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Altissimo A?

Saltosax

Member
Messages
59
Hello you saxy people!
I am curious as to how you fellow saxophonists achieved the altissimo A? My tutor said I should extend my jaw, use lots of air and blow that air upwards.
Any other tips to achieve this note?

Thanks,
B
 

jbtsax

Well-Known Member
Subscriber
Messages
7,474
It is a good idea to master the tone production in the normal range of the saxophone at all dynamic levels first, and then start to add to the range.
 
OP
S

Saltosax

Member
Messages
59
It is a good idea to master the tone production in the normal range of the saxophone at all dynamic levels first, and then start to add to the range.
I would, but I just need this one note as it is the finishing note of a song I’m performing
 

GJ77

Senior Member
Messages
664
Training the ear first so you can hear the note before sounding it; practice lots of overtones on bell notes.

I think that when I first hit it (I'm going back a good few years now, so could be mistaken), I did it by playing up on an A major arpeggio, ensuring that I had a good clear sound on the top e (front fingering) before completing the pattern with the final tonic (altissimo A).

Try a few different fingerings:
OXX I OOO
OXX I XXO
OXX I XOO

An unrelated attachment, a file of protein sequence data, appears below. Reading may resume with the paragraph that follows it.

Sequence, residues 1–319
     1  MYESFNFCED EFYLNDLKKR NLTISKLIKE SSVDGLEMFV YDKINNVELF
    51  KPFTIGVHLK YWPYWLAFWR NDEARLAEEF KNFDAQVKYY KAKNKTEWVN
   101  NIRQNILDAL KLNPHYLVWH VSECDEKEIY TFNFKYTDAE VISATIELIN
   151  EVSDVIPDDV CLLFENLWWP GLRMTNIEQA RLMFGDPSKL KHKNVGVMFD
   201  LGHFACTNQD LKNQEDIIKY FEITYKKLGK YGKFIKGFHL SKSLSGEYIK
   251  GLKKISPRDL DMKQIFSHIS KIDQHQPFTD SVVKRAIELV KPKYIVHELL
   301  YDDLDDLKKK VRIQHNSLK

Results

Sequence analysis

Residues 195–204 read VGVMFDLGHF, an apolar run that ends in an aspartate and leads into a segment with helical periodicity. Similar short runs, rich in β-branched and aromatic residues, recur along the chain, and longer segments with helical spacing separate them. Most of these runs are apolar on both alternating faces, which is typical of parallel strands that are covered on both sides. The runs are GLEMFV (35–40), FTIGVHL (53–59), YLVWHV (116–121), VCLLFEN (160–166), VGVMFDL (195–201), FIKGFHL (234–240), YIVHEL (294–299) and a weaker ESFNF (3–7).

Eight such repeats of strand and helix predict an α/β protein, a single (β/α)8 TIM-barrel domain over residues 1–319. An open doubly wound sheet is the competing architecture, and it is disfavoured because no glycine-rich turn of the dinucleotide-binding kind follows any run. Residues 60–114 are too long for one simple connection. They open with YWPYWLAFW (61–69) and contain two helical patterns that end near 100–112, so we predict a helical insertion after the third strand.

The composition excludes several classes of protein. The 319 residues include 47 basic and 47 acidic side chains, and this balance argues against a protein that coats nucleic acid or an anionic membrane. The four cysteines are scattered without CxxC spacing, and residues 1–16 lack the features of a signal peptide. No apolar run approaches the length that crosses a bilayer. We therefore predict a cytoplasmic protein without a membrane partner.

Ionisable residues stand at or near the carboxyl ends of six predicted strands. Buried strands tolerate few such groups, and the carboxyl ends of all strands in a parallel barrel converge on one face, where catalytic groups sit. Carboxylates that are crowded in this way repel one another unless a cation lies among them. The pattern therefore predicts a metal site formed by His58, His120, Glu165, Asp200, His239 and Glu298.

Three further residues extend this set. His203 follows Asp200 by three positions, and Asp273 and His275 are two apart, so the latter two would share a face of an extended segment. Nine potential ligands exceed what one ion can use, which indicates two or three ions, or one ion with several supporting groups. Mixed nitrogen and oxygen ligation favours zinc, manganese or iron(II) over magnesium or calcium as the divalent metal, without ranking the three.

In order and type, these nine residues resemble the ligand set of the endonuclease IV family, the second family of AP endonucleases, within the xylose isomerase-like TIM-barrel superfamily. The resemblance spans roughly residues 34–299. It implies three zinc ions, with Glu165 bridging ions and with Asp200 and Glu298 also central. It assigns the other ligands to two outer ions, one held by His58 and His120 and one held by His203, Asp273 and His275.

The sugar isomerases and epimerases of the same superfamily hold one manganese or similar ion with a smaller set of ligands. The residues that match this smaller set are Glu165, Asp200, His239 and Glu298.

Hope this helps. What's the piece?
 
OP
S

Saltosax

Member
Messages
59
Training the ear first so you can hear the note before sounding it; practice lots of overtones on bell notes.

I think that when I first hit it (I'm going back a good few years now, so could be mistaken), I did it by playing up on an A major arpeggio, ensuring that I had a good clear sound on the top e (front fingering) before completing the pattern with the final tonic (altissimo A).

Try a few different fingerings:
OXX I OOO
OXX I XXO
OXX I XOO

Hope this helps. What's the piece?
This helps tremendously, I will try the arpeggio way once I’m home, going to see Neil diamond in concert!
The piece is “But Not For Me” by George Gershwin, the very last note is the A.
 

MandyH

Sax-Mad fiend!
Subscriber
Messages
3,506
There are a lot of fingerings for Altissimo A - I needed it for a piece last year. Look them up online. Then work out which one is best for you and your sax - you will hear a suggestion of the right note, mixed in amongst the general bad noise that happens at first.

Its worth coming up to it from below, and it will take lots of practice, and then suddently it will pop out and you'll wonder why it was so difficult.!

I'd recommend tackling it with a new reed, so you can't blame an old soggy one.

I had to hit altissimo A at the end of the 11 minute long "Saxo-Rhapsody" by Eric Coates.
I was afraid that, having exhausted myself playing the whole piece, it would never play, but once I'd cracked it, it just sang out every time!
I'm pretty sure the final notes were C (middle finger and octave), F (played forked fingering on the key above B, and the C key and octave) then A.

it will come, but practice it regularly.